09 Feb The Lost Tale of Pompeii: Brain Glass
By Valentina Ménager
Usually, our brains turn into soap as we decompose. Rarely do they turn into glass. This is what happened when Mount Vesuvius erupted over the Italian cities of Pompeii and Herculaneum two thousand years ago, killing thousands of people and permanently encasing them in a thick coat of ash.
In the 1960s, a human in the Collegium Augustinum (an ancient college in Herculaneum) was found lying on a wooden bed, buried by volcanic ash. Scientists soon discovered that the remains of his brain had been replaced by glossy clustered material. This was bizarre—archeologists usually find that the remains of human cerebral tissues (the brain, brain stem, and portions of the spine) turn into soap.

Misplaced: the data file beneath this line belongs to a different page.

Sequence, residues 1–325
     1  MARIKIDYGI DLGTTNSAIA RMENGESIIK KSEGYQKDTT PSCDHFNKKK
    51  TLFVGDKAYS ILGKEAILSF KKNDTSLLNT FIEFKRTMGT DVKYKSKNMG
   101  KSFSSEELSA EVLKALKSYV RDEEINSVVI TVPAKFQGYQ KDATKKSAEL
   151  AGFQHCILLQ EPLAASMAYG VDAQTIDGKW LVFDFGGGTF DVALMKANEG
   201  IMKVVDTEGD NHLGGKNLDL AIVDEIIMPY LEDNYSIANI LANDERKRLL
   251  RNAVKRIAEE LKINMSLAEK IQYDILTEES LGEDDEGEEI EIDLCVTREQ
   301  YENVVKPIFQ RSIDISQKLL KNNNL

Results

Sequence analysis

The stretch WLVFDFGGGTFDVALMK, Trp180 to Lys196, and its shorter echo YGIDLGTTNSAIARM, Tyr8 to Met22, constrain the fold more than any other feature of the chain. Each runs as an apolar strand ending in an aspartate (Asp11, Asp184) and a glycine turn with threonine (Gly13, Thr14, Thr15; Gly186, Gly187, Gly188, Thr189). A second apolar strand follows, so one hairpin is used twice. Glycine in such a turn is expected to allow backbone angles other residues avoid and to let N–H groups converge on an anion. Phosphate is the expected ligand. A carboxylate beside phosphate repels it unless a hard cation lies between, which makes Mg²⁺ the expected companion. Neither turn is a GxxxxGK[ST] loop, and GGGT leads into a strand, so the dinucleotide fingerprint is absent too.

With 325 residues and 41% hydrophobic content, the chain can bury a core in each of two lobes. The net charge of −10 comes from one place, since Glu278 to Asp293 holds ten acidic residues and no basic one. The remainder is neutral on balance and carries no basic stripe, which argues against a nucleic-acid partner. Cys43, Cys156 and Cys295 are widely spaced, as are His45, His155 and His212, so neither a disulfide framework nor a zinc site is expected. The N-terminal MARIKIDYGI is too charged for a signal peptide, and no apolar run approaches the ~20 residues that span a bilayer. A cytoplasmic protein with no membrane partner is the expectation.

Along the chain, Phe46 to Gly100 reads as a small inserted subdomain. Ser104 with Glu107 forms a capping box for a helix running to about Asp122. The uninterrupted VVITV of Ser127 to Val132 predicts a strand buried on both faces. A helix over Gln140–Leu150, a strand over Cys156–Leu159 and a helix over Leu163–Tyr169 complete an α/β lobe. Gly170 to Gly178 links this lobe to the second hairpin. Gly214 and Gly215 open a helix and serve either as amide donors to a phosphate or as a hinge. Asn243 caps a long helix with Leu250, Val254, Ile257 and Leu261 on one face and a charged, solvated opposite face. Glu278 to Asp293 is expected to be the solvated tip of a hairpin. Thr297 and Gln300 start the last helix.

They tested the fragments and found that the glassy material inside the skull contained several proteins that are found in human brain tissues. This includes fatty acids (adipic and margaric), which are components of human hair and fat. How did this happen?
Well, the charred wooden bed he was found on was estimated to have reached temperatures up to 520°C (968°F). Scientists hypothesize that this extreme heat led to the process of vitrification. First, his body fat ignited and was vaporized into soft tissue. But after the explosion, there was a rapid drop in temperature. So the tissue was burned and then quickly cooled down. This is how glass is made.
Note: A more detailed explanation of vitrification is that the triglycerides (main constituents of body fat and vertebrates) in the victims are converted to glycerol (a fat component found in toothpaste, mouthwash, shaving creams, and soaps).